Quorum Report: Against Backdrop of Proposed Tax Cuts; Rural Hospital Closures Accelerate

Reimbursement rate cuts from 2011 were never restored; rural hospitals have some of the highest rates of uninsured

Rural hospitals are closing at such an alarming rate in Texas that hospital administrators are beginning to fear wide swaths of the state may be left without the benefit of trauma care and some areas may have no hospital within 100 miles.

Rural and community health care providers are calling it, ironically, a death by a thousand cuts, including the budget cuts of 2011. Jack Endres, the administrator of East Texas Medical Center – Jacksonville, has seen three hospitals in his own chain go under since late last year: Clarksville, Mount Vernon and Gilmer.

“Keeping these hospitals open is no longer sustainable,” Endres said. “It’s not like it’s done. We’re only accelerating.”

East Texas Medical Center Regional Healthcare System was once a system of 15 hospitals, including 3 in Tyler. Along with the three hospitals that closed at the end of 2014, the chain’s hospitals in Crockett, Fairfield and Trinity have given notice.

“I think we’re going to see a large number of small rural hospitals close this year and next year,” Endres said. “A large number of the rurals are going to go under unless we can get relief from the cuts in reimbursements that the state and federal government have imposed on us. It’s no longer sustainable.”

The era of cost shifting is over, Endres said. There are no more costs to cut. For hospitals in the rural and community network – known as the Texas Organization of Rural and Community Hospitals – the news out of Austin isn’t good. These hospitals, which cover 85 percent of the state’s geography, also carry the burden of some the state’s highest rates of uninsured patients.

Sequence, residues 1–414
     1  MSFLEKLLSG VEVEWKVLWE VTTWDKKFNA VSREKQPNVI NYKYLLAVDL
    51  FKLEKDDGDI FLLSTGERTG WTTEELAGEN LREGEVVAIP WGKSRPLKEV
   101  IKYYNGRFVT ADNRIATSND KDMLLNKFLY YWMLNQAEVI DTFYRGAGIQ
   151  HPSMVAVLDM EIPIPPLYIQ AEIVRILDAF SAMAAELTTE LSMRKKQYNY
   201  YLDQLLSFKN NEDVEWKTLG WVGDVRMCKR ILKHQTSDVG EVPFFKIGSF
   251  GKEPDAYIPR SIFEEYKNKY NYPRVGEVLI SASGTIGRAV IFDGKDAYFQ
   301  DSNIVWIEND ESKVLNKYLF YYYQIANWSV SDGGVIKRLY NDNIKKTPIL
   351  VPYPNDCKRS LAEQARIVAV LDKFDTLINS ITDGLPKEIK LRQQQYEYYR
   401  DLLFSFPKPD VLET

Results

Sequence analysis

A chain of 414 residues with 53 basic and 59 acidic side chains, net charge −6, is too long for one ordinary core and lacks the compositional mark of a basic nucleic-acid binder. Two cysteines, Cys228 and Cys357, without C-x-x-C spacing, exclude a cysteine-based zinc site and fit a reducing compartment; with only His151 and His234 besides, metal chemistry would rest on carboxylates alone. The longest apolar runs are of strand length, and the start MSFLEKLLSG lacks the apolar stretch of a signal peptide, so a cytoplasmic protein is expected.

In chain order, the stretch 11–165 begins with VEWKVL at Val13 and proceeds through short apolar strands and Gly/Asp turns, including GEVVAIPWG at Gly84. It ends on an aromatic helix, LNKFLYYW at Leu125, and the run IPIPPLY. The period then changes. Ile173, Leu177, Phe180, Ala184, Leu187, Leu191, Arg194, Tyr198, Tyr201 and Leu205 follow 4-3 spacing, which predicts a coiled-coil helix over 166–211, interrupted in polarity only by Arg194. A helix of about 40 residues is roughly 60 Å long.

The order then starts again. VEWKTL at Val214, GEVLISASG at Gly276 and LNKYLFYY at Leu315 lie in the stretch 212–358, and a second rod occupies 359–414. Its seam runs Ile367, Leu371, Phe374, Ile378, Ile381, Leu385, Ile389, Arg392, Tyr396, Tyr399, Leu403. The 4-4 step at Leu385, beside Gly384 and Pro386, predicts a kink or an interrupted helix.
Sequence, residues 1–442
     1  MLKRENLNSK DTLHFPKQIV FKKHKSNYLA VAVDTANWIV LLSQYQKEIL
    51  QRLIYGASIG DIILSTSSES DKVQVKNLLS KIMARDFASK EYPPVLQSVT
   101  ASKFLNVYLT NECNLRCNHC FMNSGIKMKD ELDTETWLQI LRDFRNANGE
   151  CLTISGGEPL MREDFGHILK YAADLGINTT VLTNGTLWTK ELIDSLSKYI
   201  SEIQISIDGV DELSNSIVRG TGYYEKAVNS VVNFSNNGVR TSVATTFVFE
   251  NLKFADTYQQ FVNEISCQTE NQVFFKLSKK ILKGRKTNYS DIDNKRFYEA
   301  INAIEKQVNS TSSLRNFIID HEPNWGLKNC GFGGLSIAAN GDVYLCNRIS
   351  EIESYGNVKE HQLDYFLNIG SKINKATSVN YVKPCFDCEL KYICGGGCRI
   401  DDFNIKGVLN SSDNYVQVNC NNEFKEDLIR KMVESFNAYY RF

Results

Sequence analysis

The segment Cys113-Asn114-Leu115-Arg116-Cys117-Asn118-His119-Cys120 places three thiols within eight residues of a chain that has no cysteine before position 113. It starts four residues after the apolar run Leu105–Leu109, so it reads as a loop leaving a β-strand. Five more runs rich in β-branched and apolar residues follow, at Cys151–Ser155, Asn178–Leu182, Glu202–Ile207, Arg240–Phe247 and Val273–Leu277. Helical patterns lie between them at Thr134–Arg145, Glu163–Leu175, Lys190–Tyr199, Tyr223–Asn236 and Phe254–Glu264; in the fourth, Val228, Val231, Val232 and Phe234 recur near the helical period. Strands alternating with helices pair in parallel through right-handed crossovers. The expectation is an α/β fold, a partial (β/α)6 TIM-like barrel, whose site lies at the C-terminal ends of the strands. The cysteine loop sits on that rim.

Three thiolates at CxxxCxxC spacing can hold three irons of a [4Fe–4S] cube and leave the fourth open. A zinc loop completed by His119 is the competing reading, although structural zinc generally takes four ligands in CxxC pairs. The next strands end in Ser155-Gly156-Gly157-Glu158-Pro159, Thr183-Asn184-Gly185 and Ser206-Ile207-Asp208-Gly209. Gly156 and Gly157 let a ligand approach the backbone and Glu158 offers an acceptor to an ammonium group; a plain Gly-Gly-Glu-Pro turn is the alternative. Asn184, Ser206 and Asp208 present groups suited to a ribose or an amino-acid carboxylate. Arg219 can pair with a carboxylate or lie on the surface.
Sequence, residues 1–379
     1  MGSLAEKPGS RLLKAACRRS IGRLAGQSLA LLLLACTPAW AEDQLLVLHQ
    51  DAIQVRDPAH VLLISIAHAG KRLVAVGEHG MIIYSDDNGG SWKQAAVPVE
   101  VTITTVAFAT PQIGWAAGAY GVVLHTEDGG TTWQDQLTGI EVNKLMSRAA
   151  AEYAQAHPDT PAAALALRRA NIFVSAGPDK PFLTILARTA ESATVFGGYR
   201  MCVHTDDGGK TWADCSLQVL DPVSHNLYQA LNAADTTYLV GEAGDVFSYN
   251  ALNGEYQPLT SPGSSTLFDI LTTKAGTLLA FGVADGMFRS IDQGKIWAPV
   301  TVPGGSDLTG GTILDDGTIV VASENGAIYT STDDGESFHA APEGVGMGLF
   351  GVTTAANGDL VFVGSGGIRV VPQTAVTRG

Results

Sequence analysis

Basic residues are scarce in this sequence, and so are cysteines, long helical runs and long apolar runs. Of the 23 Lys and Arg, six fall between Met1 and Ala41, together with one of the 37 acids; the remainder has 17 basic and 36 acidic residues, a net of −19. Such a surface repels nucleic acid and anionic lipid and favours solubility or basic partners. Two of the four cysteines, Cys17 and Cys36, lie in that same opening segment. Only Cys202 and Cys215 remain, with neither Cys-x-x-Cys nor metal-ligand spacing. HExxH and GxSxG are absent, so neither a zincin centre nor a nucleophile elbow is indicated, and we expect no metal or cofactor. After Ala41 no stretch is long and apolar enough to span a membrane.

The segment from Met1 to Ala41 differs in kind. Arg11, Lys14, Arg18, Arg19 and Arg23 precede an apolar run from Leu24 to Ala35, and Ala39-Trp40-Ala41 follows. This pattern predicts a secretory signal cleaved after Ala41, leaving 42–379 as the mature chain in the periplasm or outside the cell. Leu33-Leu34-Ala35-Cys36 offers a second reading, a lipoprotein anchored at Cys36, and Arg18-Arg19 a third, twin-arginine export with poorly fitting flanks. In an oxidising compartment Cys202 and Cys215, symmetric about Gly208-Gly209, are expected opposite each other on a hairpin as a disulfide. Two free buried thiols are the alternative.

The state’s average rate of uninsured residents is 26 percent. The percentage in rural areas can sometimes run as high as 50 percent. Of the 15 Texas counties with the highest uninsured rates, 14 are located in rural areas.

The talk is all tax relief in Austin, even though the cuts to reimbursements made in the 2011 budget have yet to be restored to the state’s hospitals, Endres said. Endres’ own chain contains the region’s single Level 1 Trauma Center in East Texas, in Tyler. The chain considers the trauma center its social and moral obligation, but keeping specialists of all types on call around the clock is a costly burden.

“We’re not being paid enough to keep it open,” Endres said. “It doesn’t pay for itself.”

This is not just a Texas problem. One analyst’s projection puts another 283 hospitals on the brink of closure. But Texas dominates, if only for its vastness. Statistics show 45 hospitals have closed across the country since 2010. A quarter of those are located in Texas, with the trend increasing its pace.

The only solution would be a major reversal in reimbursement rates or a significant increase in insurance coverage. That looks unlikely. Endres predicts health care may dwindle to a limited number of hospitals in rural areas, supported by tertiary facilities that can offer a limited range of services.

Edith Gonzalez died in late 2013. The toddler choked on a grape, but when her family rushed her to Shelby Regional Medical Center in Center, the doors were locked and the parking lot was empty. Endres says that trend won’t be reversed. Without access to medical care, some outcomes can be predicted.

“People will die,” Endres said.

By Kimberly Reeves March 6, 2015 10:07 AM


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